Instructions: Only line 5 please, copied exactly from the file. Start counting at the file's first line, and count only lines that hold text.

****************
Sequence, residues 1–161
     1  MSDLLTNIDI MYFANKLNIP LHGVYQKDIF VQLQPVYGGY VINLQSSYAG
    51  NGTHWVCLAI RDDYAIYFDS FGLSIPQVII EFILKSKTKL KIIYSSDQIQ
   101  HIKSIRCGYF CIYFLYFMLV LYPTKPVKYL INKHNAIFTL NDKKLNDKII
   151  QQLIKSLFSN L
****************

   151  QQLIKSLFSN L